In the run-up to Christmas, parents are being warned about the potentially fatal consequences if a child swallows a ‘button’ or ‘coin’ battery. Around two children a year die in the UK after swallowing button or coin batteries with many more being badly injured.

Button and coin batteries are found in many household objects, children’s toys, remote controls and electronic items including musical Christmas cards. They are usually small, round and silver in colour.

Renfrewshire Council’s Trading Standards Team issued the warning as part of a national campaign being run by the Children’s Accident Prevention Trust to educate parents and carers about the dangers posed by button and coin batteries.

On Christmas Eve 2021, 17-month old Hugh McMahon swallowed a button battery at his home in Motherwell. Surgeons battled for 12 hours to save him but despite their best efforts the toddler later died. Tests showed that a hole the size of a 5p coin had been burned in his heart.

The Children’s Accident Prevention Trust website highlights the dangers of lithium button and coin batteries, “If a lithium coin cell battery gets stuck in the food pipe, the battery reacts with saliva to create caustic soda. This is the same chemical used to unblock drains.

“This can burn through the food pipe, to the main artery and lead to catastrophic internal bleeding and death. The chemical reaction can happen in as little as two hours. However, sometimes it takes days or even weeks.

“Lithium coin cell batteries can also cause life-changing injuries. There is a risk that the food pipe may be too badly damaged for a child to eat normally again, or the vocal cords may be too badly damaged for a child to speak normally again.”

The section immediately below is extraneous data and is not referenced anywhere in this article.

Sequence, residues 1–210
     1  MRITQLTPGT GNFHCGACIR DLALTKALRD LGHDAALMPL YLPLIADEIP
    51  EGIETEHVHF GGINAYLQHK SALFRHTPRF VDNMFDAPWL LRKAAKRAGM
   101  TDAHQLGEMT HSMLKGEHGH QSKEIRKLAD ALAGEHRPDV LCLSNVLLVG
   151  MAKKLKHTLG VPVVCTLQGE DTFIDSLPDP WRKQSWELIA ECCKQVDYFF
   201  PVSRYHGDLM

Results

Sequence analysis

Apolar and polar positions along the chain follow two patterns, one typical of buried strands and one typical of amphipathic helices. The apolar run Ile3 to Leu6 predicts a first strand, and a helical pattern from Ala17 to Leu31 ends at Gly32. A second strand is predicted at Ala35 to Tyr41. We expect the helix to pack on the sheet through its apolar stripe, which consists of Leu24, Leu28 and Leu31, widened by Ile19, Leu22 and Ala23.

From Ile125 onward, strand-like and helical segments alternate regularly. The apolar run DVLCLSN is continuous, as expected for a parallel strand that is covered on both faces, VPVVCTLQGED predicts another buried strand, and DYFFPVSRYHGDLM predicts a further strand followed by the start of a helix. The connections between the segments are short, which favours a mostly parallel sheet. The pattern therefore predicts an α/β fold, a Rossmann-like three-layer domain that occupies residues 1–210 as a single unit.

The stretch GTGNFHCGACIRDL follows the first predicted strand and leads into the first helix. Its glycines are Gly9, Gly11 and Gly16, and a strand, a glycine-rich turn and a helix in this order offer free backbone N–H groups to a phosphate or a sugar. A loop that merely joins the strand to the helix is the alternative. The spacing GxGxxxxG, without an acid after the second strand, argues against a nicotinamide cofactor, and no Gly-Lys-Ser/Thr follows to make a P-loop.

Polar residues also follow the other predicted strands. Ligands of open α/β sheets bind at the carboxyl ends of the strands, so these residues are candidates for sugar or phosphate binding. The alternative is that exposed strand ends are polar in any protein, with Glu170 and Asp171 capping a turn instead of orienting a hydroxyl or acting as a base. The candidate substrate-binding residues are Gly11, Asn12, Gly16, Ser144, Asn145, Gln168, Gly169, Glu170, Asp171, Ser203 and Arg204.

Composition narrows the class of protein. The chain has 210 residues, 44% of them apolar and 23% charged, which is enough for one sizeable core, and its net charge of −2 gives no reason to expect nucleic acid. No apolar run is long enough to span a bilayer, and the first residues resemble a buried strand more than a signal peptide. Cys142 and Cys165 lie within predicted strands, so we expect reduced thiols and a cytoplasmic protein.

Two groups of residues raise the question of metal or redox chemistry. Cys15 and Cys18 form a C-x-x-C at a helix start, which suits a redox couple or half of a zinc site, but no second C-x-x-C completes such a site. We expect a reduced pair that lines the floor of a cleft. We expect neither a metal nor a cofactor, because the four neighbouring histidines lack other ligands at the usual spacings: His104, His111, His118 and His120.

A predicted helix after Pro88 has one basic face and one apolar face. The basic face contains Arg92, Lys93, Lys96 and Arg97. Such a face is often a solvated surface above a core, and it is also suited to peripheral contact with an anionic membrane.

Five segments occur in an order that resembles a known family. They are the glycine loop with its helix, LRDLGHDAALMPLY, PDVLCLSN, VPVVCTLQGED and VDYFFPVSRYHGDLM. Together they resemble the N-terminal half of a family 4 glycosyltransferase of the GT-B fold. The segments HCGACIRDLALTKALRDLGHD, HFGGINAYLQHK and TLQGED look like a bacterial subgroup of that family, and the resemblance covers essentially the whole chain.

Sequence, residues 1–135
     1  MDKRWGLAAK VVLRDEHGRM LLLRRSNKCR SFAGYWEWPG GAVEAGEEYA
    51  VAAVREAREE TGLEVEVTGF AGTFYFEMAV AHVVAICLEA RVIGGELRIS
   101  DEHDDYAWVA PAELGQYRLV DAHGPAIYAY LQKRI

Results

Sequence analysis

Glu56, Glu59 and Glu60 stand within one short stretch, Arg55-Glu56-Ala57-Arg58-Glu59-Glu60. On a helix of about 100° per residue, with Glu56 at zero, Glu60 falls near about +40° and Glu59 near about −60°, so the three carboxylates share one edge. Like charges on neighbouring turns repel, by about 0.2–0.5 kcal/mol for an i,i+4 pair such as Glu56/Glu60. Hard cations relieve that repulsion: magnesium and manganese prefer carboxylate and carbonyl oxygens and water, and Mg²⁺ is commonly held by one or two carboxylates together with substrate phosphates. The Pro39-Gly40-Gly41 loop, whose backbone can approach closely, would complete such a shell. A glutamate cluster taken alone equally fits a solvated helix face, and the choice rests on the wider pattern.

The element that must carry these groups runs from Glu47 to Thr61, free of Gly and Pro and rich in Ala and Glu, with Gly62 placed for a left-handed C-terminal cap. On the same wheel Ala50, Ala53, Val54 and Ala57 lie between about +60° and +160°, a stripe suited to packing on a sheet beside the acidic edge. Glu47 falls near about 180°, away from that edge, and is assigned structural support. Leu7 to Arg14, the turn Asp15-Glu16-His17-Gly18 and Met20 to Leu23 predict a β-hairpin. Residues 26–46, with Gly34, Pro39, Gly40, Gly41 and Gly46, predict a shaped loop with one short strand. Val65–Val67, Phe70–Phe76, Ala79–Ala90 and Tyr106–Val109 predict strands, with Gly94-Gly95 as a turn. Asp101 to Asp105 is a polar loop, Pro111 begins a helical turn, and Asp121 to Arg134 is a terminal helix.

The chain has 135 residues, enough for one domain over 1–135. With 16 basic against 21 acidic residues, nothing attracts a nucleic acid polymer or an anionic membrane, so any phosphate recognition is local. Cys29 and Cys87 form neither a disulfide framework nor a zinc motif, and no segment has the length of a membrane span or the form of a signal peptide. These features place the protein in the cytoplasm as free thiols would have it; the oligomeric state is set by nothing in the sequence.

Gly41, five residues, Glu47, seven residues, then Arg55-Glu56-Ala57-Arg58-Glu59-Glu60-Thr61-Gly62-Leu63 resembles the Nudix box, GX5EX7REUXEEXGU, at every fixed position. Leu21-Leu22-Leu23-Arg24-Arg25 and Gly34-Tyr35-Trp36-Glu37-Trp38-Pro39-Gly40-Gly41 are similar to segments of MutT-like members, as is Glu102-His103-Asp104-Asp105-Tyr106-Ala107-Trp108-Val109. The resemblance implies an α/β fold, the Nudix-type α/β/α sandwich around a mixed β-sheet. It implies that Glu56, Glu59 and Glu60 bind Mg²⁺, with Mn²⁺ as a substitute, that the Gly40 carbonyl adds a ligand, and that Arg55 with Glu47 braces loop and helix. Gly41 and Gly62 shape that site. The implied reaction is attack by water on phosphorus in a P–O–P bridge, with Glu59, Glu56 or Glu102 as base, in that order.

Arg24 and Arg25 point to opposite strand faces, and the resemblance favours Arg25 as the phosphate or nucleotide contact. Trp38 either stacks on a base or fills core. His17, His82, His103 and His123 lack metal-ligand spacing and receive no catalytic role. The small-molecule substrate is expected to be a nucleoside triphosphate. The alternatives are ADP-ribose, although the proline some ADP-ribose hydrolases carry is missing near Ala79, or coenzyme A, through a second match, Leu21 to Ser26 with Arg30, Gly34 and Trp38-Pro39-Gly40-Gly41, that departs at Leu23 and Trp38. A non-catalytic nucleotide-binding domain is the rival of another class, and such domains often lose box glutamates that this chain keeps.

The flat, 5p size, lithium coin batteries are the most dangerous as they can lodge in a child’s food pipe. If a child swallows one of these batteries, it is a race against time to get them to hospital for emergency surgery. And flat batteries are just as dangerous as live ones.

Councillor Marie McGurk, Convener of Renfrewshire Council’s Communities & Housing Policy Board, said, “We cannot stress enough how important it is to keep these batteries out of the reach of children. The law is very clear about toys which are powered by button or coin batteries – the batteries must be impossible for children to reach. For example, the battery cover may be held in place by a screw.

“But there are many other everyday items which have button or coin batteries where the battery cover is just a push fit. These include bathroom scales, night lights, thermometers and remote central locking car keys. The list goes on and on.

“This Christmas we urge parents and carers to check that anything they buy for their children meets the appropriate safety standards.”

According to the Trust, children aged 6 months to 4½ years are most at risk. Crawling babies up to pre-schoolers are in special danger as they explore the world by putting things in their mouths. Toddlers are also naturally inquisitive and can be very determined to explore and get into things.

However, older children can be fascinated by button and coin batteries too. In some cases, they may deliberately put one of these batteries in their mouth or on their tongue to experience the sensation of the electrical ‘fizz’.

More information on button batteries is available from the Child Accident Prevention Trust at 


Founder of in 1998 and constantly strives to change peoples attitudes to the town, Brian is a self described Paisley Digital Champion who promotes Paisley via any means necessary. You can also follow me on X